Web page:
The Australian Academy of the Humanities led the development of this report focused on Australia for the World Humanities Report, an international collaborative initiative, which seeks to provide insight into where and how the humanities are practiced around the globe and to offer a set of recommendations for the humanities in the twenty-first century.



Editorial Team

Director of Policy and Research, Australian Academy of the Humanities
Researcher and Consultant
Provost and Deputy Vice-Chancellor, University of Sydney
Executive Director, Australian Academy of the Humanities

Expert Advisory Group

Professor of Linguistics, Monash University
Professor Emeritus, Australian National University
Professor of History, Director of the Institute for Humanities and Social Sciences, Australian Catholic University
Editor and Council Member, Australian Academy of the Humanities
Laureate Research Professor, Monash Indigenous Studies Centre, Monash University
Council Member, Australian Academy of the Humanities; Professor of Media and Communication, RMIT University

Through our engagement with this important initiative, the Australian team sought to contribute to an evidence base and set of resources about the health and vitality of the humanities, as well as areas of crisis or tension that can be addressed through active knowledge exchange and shared approaches.

The Australia report is designed to contribute to a roadmap for the humanities, to:

  1. develop a collective understanding of the humanities, which captures the multiplicity of meaning inherent to the term;
  2. articulate the value of the humanities for a range of audiences and communities;
  3. understand the context and conditions of humanities work; and
  4. contribute to the development of a set of priority actions aimed at strengthening the humanities for the public good.


In developing this report, we have drawn extensively on current research, including the Academy’s Future Humanities Workforce project, which is funded by the Australian Research Council.1 Our contribution focuses on “humanities horizons” with a view to the opportunities and challenges ahead. The first part of the report charts the distinctiveness of the humanities in Australia; the second part draws out the relationship between humanities and public policy and charts areas of strength and vulnerability; and the final part focuses on humanities’ futures, including next-generation researchers, educators, practitioners, and the wider workforce. A set of appendices provides underpinning research and data.

In Australia, “the humanities” are traditionally aligned with the arts and social sciences and referred to in higher education circles by the acronym “HASS” (see appendix A in the report below). Unlike their science, technology, engineering, and mathematics (“STEM”) counterparts, there is a lack of recognition from the broader public about what “HASS” stands for or describes.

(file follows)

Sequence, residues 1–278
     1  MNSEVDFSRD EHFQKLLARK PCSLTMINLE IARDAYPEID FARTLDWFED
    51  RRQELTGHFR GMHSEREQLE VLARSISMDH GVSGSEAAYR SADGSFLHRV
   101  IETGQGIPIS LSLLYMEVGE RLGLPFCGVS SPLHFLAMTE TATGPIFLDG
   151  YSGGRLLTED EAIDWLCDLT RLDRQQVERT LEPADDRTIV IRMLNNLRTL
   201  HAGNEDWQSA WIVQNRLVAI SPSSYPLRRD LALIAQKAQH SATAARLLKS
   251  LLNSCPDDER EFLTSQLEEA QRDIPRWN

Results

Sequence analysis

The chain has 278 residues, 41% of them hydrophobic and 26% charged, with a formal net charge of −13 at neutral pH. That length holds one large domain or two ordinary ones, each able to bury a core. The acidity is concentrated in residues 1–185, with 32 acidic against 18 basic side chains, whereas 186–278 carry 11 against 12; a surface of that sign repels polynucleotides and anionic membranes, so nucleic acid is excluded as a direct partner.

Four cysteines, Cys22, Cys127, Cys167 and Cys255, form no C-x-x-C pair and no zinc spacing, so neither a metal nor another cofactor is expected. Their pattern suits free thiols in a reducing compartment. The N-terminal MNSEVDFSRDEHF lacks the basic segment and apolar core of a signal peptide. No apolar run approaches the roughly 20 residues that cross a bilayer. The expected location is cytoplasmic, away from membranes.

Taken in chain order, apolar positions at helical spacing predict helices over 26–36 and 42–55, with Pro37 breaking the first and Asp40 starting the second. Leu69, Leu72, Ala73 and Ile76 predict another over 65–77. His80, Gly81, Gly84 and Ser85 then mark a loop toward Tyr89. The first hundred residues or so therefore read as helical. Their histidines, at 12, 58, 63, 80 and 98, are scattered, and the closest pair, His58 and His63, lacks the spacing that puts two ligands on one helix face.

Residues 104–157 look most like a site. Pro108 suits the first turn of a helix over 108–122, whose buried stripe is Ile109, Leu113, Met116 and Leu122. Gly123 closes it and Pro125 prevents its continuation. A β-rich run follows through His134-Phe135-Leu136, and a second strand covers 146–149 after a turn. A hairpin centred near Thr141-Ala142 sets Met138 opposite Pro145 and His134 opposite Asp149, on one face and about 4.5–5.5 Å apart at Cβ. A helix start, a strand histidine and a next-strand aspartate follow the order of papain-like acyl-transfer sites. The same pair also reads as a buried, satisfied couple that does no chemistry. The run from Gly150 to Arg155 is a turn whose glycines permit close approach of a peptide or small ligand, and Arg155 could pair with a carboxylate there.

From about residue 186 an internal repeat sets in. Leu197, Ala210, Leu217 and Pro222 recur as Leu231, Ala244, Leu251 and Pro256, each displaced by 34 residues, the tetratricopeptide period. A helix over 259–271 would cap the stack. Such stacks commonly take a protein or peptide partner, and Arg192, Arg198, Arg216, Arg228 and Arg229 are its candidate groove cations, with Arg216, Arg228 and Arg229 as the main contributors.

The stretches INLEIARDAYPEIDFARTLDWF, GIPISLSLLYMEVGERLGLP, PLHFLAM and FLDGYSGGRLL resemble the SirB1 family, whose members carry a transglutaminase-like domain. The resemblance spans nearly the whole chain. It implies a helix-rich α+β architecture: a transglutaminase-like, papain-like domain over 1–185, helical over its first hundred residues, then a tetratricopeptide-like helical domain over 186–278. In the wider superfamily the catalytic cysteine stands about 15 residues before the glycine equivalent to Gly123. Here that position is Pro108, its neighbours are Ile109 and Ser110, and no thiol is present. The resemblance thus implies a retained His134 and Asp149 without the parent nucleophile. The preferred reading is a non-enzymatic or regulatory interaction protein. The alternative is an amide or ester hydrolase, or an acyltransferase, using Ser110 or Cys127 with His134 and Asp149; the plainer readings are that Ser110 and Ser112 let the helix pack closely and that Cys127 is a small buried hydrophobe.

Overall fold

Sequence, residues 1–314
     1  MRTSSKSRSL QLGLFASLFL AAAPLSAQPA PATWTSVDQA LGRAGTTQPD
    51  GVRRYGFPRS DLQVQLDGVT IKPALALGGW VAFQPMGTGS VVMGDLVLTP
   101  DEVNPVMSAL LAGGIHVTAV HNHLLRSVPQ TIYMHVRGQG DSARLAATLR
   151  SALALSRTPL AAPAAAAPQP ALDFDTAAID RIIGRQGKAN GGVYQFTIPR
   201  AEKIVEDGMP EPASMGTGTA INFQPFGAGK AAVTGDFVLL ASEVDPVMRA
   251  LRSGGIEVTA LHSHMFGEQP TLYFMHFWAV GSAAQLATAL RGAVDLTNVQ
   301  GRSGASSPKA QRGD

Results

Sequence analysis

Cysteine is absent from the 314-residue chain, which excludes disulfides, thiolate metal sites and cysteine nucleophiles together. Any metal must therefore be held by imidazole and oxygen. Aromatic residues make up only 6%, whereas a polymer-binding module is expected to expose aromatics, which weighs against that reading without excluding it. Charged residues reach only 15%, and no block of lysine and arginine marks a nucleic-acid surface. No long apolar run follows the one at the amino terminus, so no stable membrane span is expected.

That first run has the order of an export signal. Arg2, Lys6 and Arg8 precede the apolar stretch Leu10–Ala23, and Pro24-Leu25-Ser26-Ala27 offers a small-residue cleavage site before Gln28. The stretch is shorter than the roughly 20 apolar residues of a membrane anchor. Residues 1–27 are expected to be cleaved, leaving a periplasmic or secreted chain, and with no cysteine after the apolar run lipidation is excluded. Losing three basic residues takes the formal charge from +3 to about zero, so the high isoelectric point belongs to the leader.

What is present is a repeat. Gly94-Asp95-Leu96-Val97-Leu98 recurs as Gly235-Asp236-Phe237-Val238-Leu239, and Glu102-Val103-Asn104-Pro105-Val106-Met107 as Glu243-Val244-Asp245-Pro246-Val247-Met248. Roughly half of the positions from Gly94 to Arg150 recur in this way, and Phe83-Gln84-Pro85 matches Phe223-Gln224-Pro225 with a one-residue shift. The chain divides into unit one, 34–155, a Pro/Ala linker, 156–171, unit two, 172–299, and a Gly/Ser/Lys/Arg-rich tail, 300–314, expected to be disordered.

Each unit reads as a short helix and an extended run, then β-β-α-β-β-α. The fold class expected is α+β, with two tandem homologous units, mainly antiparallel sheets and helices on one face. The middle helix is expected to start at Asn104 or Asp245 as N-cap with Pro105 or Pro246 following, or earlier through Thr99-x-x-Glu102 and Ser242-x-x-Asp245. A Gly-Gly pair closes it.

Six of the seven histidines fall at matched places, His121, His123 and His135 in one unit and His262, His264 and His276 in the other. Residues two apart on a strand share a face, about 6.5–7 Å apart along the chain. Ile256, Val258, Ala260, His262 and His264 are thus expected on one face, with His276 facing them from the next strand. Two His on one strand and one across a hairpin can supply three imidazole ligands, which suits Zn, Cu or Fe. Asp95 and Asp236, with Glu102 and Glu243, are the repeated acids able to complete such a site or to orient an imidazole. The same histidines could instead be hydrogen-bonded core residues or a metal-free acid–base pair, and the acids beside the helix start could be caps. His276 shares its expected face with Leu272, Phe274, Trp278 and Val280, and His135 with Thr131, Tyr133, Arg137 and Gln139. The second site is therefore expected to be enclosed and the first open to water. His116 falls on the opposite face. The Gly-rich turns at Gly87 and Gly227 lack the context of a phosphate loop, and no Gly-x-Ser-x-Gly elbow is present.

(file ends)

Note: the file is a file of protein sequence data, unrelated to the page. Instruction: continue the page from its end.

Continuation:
To reflect emerging developments in describing these disciplines in Austra- lia, when we refer to the broader sector in this report we adopt the acronym “SHAPE,” which stands for Social Sciences, Humanities, and the Arts for People and the Economy or Environment. The term was originally coined in the United Kingdom, and a consortium of Australian and New Zealand organizations has recently come together to promote the use of this new collective term as a more accessible concept than HASS, allowing for greater meaningful engagement with government, business, education, media, and the community.2 As our UK colleagues articulate, SHAPE offers “a fresh approach to describing both the disciplines and the objects of study which unite them” and reflects a need to find a new narrative to describe the value and impact of these disciplines in the face of significant disruption and devaluing.

With the COVID-19 pandemic’s impacts on Australia’s higher education and research still playing out, there is real uncertainty about the resilience of the humanities into the future. The higher education sector is the locus of human- ities research activity and the training ground for next-generation talent, and the cultural and creative sectors are key destinations for humanities graduates and expertise. Both sectors are vulnerable to precarious work, which has been exacerbated by pandemic lockdowns.

Humanities’ capability is dispersed, untapped, and underrealized in Australia. How can Australia better activate, facilitate, and apply humanities knowledges and problem-solving capabilities to the challenges we face? That is a question for the humanities as much as for the policymakers, institutions, and industries we address in this report.